Next month’s KPMG Women’s PGA Championship was officially introduced on Monday at Westchester Country Club, the site of the inaugural event. Well, sort of. As organizers and executives from all parties, KPMG, the LPGA, and PGA of America, pointed out, this tournament is not replacing the former 60-year-old LPGA Championship in the major line-up, but instead, the new partnership is elevating it.
The event has been bestowed a new identity — a plan that came together over a phone conversation between LPGA commissioner Mike Whan and PGA chief executive officer Pete Bevacqua. The following day, the two, along with their teams, met midway between their headquarters in Vero Beach, Florida, to discuss the possibility of forming a partnership to revamp a major — so that it would resemble the template of the men’s PGA Championship.
“We talked about that we were dealing with something that was both fragile and exciting at the same time,” said Whan in the press conference on media day. “Fragile in the fact that let’s not forget that this is an over 60year major history and there’s women’s names on that trophy we don’t want to forget and there’s an elevation that a major has always brought to the women’s game so we want to respect that history. Exciting because we could really build something that had not been built before.”
The parties quickly decided to bring the idea to KPMG, which sponsors world no. three Stacy Lewis, into the fold. Next, they took it to NBC-owned Golf Channel to get a major network involved. Finally, what appears to be the beginning of a beautiful partnership was formed and will materialize the second week of June.
“This was just easy, because everybody was likeminded,” said Bevacqua. “It was an easy conversation with Mike. It was an easy conversation with Molly Solomon and her team at NBC and the Golf Channel, and really I think what we are most appreciative of, it was an easy conversation with John Veihmeyer and KPMG, because everybody realized that we had to celebrate the women’s game. We had to bring attention to the women’s game.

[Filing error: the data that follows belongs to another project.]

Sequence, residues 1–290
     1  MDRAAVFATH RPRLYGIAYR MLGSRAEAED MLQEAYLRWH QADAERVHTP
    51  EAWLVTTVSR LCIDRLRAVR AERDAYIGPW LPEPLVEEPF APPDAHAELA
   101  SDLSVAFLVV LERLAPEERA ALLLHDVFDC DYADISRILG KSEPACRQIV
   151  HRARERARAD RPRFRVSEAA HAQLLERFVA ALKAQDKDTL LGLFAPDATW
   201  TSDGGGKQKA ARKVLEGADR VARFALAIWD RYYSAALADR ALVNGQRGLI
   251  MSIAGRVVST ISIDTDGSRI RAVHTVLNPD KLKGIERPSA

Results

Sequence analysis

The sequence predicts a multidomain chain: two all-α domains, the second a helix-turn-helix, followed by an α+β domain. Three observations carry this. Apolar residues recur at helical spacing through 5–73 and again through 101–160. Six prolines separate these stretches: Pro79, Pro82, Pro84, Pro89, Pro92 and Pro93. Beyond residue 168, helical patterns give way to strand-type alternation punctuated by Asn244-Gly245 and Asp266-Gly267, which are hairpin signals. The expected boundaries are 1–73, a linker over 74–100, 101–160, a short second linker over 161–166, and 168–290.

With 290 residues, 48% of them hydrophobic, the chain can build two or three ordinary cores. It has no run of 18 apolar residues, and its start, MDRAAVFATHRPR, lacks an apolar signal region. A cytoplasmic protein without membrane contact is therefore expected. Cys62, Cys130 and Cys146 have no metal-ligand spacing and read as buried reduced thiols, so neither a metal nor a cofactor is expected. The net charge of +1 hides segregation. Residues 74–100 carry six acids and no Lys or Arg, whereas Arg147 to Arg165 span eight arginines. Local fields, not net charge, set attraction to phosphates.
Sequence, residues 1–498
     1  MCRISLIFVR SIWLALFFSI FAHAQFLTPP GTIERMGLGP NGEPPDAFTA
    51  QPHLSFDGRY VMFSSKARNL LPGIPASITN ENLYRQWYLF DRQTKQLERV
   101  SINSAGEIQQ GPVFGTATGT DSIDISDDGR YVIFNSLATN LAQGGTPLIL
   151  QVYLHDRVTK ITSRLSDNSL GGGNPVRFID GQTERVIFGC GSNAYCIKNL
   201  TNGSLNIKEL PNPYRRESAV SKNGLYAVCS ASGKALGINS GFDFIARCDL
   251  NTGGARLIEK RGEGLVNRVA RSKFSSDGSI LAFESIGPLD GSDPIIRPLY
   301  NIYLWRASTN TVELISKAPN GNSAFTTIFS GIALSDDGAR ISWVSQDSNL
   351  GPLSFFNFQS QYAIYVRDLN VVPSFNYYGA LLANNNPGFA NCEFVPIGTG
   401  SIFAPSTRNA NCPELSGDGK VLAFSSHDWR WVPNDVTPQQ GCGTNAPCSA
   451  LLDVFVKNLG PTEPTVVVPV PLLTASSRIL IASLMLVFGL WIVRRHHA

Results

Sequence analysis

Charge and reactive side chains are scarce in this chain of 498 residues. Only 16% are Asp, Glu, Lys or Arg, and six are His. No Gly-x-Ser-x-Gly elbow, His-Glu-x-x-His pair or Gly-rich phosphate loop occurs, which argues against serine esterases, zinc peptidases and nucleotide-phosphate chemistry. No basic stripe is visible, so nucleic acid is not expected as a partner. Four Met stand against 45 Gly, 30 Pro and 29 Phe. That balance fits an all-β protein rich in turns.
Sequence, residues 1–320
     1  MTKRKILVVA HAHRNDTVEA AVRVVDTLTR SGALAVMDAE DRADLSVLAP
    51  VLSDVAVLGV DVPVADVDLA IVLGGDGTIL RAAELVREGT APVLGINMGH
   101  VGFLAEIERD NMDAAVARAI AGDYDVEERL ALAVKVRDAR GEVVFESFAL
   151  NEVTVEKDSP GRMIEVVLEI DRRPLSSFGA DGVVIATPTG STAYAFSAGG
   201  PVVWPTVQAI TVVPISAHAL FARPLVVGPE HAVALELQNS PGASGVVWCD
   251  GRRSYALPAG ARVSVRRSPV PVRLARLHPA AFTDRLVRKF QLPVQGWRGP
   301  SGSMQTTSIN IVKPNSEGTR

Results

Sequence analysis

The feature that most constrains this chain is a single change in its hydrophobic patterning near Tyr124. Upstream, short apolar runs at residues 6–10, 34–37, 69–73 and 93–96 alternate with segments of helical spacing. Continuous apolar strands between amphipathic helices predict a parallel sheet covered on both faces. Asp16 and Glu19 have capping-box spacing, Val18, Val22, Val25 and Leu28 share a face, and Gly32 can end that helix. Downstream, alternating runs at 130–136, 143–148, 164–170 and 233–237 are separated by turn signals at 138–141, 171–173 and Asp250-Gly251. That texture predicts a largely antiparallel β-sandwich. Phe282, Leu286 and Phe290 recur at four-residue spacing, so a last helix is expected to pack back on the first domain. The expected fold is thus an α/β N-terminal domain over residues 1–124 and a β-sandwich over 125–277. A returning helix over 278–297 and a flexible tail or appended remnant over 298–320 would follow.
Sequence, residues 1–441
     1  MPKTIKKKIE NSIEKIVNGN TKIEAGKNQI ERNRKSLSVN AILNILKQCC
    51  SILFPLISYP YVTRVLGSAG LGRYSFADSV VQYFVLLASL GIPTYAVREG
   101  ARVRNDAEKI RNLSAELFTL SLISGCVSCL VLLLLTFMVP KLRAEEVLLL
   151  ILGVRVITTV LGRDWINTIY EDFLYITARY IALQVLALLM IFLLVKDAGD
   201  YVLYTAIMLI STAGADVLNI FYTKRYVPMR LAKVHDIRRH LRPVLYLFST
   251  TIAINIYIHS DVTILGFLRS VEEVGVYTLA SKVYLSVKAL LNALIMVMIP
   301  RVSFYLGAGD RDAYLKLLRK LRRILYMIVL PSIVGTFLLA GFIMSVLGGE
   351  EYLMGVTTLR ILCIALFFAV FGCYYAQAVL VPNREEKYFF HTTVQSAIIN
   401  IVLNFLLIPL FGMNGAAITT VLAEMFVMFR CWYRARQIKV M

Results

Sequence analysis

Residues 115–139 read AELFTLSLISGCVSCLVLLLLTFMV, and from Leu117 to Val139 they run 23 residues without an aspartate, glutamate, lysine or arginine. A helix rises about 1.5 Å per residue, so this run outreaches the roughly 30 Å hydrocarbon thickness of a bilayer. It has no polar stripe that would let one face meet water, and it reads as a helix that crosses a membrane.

“What I think what will be special about this week at this great historic venue, it’s going to be a celebration of women on the golf course and off the golf course, and I know I speak for The PGA of America where we are just ecstatic to play our role and to do our part for the game.”
So, with the new-old tournament, it means that Inbee Park is still the defending champion — she’s won this major two years in a row. She agrees with the executives that the women’s game couldn’t be in a better place at the moment.
“I think it is really in the greatest level right now and, I think it’s really exciting,” said Park, a five-time major champion and current world no. 2. “Every week the competition is great and the variety of the players are great. I think it’s fun to watch and obviously we are a lot more friendly maybe (laughter).
“I think we are somewhat similar — all the amateurs, when I play the Pro-Am, they say you are somewhat closer to us. When they experience men’s golf, they play in the men’s Pro-Am, they just say that they drive it a hundred yards by us. We play from the same tee and our drives are similar. I think we can create a lot more fun to the amateurs and talk about a lot more things together and we can relate a lot more.”
Unlike the former Wegmans LPGA Championship, which was held in Rochester every year, the Women’s PGA will rotate among venues, like the men’s version. All parties agreed that the event deserves to be hosted by an esteemed course — again, similar to what the men enjoy. For the kick-off, Westchester Country Club, which is less than an hour from Manhattan, fits the bill. (Yes! Home game!)
“Well, KPMG kind of asked me what we needed and I said we needed a big venue, a big purse and network TV,” said Lewis. “Those are kind of the three big things that I thought if we could get to all of our majors, really, eventually, that would really put us on the map. The big thing with this tournament I was most excited about was the venue.
“Starting here at Westchester but then going to courses that we traditionally haven’t played on as opposed to PGA Championships or Ryder Cups or whatever, going to golf courses that are too short for the guys now will be perfect for us.”
What are some courses that the ladies would like to see the event held? Well, places where the men’s majors are played.
“I always watched men play on Pebble Beach and I would love to play over there,” said Park.
Added Lewis: “Pebble is definitely on the list, for sure. Merion, I think would be a good one, Baltusrol. Just go over the list of the last men’s majors and you could probably pick a few.”
Expect the watch the ladies take on a challenging, old-school course that will certainly test all facets of the game and exude an atmosphere fit for a championship of this caliber.
“A lot of it depends how long they get the rough,” said Lewis, referring to the setup. “I think that’s going to be the big factor. But it definitely looks to me like a shotmaker’s golf course. You’re going to have to hit shots to keep it in the fairways, hit into certain spots on greens. “
I chatted with Lewis using Periscope about the event. (Yes, the LPGA is working on getting approval for media to use the live-streaming app during practice round days, which I was told almost immediately after I arrived at dark-o’clock this morning.)